When you weigh up the possible reasons for Owen Wingrave’s muted success, the fact that Britten wrote it for television is of least consequence. It has much the same exquisite craftsmanship as The Turn of the Screw, also based on a Henry James story, but not the same ambiguity. There are the goodies – the characters who believe in freedom of conscience – and the baddies, who believe in obedience to a military ideal.
The challenge is not merely to tell the story clearly, surmounting the technical hurdles posed by Britten’s quick-cut scenography, but to soften the black-and-white depiction of the principals. It is not the fault of the Guildhall School’s excellent cast that Kelly Robinson’s staging fails on both counts. It starts on dodgy ground by setting the opera in the present, with video images of the Afghan war and the return of dead soldiers, and ends with Owen returning to life in combat gear. Unconvincing even on its own terms, this referencing to military service today – when young men and women enlist out of choice, despite widespread public disillusionment with militarism – just doesn’t work. A 1939-42 setting would have been more effective, and more in tune with the pressures facing Britten as a conscientious objector.
Even in terms of practical stagecraft, the production falls short on several counts, swamping text and music with film images (James Adkins) and making poor use of the central strip of stage. Owen’s crucial Peace aria has little impact, even though a ready-made platform is available.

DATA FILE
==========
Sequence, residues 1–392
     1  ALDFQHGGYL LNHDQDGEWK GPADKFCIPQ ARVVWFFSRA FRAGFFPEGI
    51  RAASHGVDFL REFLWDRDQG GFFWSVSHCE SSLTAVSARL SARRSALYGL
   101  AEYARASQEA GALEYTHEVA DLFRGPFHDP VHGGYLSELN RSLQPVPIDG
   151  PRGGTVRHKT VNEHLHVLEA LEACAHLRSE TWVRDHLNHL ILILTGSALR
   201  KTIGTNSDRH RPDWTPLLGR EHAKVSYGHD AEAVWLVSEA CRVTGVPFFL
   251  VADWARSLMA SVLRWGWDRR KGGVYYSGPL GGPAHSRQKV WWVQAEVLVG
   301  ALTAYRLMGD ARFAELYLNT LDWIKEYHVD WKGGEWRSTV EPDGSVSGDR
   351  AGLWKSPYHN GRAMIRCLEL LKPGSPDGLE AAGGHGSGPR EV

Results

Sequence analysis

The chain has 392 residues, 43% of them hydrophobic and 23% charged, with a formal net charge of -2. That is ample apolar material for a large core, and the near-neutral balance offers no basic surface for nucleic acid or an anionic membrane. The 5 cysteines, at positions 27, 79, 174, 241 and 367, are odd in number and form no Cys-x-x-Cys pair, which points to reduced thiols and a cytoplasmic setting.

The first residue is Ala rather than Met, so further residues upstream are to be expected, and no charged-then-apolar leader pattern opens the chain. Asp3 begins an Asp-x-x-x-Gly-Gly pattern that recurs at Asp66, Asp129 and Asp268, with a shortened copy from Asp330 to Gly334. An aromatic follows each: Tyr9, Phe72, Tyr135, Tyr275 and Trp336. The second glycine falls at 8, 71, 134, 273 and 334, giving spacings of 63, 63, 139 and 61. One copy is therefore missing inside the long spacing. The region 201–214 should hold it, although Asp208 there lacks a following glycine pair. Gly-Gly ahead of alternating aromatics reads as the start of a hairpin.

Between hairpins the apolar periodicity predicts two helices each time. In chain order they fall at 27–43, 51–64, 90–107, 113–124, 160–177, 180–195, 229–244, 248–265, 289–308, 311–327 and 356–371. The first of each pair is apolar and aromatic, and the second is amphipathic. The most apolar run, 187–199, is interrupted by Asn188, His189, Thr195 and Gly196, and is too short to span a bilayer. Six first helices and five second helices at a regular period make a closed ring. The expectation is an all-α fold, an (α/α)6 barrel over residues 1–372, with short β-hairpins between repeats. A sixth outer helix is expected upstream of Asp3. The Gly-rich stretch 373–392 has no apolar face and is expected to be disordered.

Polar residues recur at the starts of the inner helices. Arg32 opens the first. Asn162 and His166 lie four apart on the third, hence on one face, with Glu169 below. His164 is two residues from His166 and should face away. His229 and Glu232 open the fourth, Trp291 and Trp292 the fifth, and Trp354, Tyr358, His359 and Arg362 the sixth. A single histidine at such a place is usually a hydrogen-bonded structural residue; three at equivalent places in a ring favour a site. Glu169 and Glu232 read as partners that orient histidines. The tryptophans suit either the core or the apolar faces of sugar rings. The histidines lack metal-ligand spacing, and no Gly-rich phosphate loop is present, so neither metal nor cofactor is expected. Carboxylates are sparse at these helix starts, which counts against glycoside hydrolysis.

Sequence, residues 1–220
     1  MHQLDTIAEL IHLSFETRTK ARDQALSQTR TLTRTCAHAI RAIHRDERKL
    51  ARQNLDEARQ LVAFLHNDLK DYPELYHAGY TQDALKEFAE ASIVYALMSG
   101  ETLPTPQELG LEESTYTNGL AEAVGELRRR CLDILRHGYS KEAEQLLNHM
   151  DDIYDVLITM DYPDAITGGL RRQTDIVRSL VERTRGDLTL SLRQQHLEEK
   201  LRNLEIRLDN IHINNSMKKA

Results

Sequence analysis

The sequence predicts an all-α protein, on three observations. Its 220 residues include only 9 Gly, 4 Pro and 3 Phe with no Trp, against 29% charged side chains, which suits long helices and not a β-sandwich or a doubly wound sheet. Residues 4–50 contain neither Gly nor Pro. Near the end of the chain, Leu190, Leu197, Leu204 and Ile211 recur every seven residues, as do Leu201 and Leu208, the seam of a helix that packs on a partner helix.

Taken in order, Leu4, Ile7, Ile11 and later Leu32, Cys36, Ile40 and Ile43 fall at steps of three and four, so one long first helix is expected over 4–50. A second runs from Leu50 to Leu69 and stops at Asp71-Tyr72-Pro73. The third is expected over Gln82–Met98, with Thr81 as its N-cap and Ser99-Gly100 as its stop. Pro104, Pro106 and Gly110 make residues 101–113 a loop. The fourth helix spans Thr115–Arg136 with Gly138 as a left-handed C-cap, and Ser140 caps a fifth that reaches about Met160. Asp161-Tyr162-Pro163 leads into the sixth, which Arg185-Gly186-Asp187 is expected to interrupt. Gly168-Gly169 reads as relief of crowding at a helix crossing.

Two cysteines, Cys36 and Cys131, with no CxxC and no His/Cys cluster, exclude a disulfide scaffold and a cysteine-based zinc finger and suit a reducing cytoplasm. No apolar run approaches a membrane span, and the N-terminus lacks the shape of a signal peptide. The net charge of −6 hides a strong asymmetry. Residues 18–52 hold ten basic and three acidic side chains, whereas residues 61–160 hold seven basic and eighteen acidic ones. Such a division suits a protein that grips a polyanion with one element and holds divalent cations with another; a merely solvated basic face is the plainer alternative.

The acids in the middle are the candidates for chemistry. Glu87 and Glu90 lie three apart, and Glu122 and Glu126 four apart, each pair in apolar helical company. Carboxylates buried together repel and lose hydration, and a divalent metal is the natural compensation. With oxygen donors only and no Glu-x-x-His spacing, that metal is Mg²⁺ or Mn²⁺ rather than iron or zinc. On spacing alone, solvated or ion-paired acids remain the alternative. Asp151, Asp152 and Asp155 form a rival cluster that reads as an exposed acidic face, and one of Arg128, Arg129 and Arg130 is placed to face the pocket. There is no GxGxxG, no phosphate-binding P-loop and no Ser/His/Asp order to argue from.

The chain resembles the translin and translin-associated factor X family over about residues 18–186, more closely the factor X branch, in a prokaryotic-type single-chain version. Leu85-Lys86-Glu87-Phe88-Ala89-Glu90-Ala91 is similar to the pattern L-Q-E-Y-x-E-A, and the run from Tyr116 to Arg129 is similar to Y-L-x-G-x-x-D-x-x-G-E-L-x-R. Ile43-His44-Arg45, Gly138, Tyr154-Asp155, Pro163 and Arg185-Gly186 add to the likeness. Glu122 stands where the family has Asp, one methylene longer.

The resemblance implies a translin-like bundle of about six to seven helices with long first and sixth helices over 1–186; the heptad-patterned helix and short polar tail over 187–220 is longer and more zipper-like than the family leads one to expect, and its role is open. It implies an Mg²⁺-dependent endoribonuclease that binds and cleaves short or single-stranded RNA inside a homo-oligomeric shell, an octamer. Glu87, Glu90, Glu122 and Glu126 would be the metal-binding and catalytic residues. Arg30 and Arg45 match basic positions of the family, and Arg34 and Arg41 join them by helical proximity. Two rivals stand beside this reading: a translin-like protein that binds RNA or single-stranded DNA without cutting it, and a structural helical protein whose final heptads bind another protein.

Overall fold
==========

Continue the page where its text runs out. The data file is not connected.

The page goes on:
That the performance still proves thought-provoking is due partly to Britten’s particular genius, for the opera, despite its flaws, remains a powerful parable of pacifism and gay “coming out”; partly to the student orchestra’s projection of the wondrous score (adapted for chamber orchestra by David Matthews) under Dominic Wheeler’s baton; and partly to a cast who clearly believe in their parts. Benjamin Appl’s Owen makes a handsome, quietly composed centrepiece. The most complete portrayal is Samantha Crawford’s Mrs Coyle, closely followed by Joseph Padfield’s Spencer Coyle. The “baddies” are more caricatured, though Catherine Backhouse’s Kate has a promising mezzo and fills out the character convincingly.